jack jack - 7 months ago 47
Bash Question

Print execution time of a shell command

Is is possible to print the execution time of a shell command with following combination?

root@hostname:~# "command to execute" && echo "execution time"


Don't forget that there is a difference between bash's builtin time (which should be called by default when you do time command) and /usr/bin/time (which should require you to call it by its full path).

The builtin time always prints to stderr, but /usr/bin/time will allow you to send time's output to a specific file, so you do not interfere with the executed command's stderr stream. Also, /usr/bin/time's format is configurable on the command line or by the environment variable TIME, whereas bash's builtin time format is only configured by the TIMEFORMAT environment variable.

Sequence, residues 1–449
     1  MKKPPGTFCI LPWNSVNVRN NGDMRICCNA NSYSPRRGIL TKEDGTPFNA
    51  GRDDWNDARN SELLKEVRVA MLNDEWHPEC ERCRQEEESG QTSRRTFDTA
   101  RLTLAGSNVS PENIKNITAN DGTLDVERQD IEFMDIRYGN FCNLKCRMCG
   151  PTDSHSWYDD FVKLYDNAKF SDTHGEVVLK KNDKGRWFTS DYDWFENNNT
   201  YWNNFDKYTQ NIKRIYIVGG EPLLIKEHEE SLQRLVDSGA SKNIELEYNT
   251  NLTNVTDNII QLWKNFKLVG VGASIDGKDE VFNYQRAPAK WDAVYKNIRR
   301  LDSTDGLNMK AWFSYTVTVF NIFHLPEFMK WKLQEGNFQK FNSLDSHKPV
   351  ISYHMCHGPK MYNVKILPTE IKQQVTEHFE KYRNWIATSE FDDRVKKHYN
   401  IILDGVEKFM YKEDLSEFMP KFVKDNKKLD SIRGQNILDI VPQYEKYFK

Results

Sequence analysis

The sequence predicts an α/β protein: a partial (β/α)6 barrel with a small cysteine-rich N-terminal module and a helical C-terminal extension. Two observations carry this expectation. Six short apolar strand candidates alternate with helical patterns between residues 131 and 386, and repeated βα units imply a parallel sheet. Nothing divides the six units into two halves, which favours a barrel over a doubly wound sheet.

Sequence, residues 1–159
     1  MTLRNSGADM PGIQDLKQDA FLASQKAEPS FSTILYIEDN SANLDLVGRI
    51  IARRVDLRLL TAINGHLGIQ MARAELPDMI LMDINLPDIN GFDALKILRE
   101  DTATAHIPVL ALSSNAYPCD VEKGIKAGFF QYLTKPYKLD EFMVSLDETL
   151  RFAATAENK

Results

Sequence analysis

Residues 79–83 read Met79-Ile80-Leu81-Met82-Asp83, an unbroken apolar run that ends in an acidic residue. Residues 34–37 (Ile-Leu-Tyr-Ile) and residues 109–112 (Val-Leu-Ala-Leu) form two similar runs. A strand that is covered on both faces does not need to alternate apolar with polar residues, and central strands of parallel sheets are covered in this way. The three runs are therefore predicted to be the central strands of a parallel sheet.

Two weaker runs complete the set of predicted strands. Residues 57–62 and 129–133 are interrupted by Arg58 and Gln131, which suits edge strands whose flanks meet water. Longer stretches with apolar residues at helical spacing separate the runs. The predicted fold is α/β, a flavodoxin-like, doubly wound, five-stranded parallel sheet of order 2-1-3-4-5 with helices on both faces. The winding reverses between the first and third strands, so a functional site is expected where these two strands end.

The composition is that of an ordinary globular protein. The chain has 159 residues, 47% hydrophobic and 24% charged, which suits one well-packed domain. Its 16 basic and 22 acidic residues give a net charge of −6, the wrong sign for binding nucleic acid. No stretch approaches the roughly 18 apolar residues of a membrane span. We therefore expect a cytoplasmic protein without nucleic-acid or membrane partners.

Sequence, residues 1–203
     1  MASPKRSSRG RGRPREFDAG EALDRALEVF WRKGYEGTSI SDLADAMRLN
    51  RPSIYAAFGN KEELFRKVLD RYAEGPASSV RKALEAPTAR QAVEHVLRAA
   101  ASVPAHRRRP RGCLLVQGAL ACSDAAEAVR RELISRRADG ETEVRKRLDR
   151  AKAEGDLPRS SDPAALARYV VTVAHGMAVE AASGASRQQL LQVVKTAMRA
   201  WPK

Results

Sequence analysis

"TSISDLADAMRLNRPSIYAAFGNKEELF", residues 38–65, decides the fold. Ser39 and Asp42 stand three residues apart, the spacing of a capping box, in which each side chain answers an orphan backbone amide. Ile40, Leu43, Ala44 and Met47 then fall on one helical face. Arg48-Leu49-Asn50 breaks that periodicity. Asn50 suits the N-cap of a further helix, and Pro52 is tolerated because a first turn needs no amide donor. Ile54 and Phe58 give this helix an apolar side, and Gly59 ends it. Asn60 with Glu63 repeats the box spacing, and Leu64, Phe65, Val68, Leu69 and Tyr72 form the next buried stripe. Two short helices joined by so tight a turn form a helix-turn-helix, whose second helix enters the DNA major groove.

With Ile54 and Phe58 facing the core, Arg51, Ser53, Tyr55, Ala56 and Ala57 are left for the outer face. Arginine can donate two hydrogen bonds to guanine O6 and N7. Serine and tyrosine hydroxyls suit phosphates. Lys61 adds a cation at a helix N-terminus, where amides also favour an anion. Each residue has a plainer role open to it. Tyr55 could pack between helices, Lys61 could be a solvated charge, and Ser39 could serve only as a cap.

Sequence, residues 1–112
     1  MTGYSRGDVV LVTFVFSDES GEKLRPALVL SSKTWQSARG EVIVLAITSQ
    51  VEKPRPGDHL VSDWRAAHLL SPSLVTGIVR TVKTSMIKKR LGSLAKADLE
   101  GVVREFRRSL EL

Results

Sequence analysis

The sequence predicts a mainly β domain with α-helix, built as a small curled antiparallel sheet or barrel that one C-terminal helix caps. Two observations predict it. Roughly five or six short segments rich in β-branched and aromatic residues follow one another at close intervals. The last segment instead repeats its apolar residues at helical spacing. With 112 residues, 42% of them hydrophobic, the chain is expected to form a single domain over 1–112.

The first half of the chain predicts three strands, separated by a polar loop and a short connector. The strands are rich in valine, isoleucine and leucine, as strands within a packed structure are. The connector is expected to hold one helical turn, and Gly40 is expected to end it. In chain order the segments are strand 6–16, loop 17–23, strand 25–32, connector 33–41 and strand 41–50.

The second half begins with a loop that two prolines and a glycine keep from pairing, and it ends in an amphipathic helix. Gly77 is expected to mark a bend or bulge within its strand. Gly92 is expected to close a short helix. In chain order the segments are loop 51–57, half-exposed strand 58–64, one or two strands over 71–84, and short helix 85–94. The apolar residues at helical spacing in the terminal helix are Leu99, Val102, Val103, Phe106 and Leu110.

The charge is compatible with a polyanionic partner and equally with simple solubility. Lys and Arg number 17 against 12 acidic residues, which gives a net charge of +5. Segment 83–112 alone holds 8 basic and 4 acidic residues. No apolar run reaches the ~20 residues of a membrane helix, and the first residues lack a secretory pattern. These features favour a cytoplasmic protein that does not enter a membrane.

$ time factor 1234567889234567891 # builtin
1234567889234567891: 142662263 8653780357

real    0m3.194s
user    0m1.596s
sys 0m0.004s
$ /usr/bin/time factor 1234567889234567891
1234567889234567891: 142662263 8653780357
1.54user 0.00system 0:02.69elapsed 57%CPU (0avgtext+0avgdata 0maxresident)k
0inputs+0outputs (0major+215minor)pagefaults 0swaps
$ /usr/bin/time -o timed factor 1234567889234567891 # log to file `timed`
1234567889234567891: 142662263 8653780357
$ cat timed
1.56user 0.02system 0:02.49elapsed 63%CPU (0avgtext+0avgdata 0maxresident)k
0inputs+0outputs (0major+217minor)pagefaults 0swaps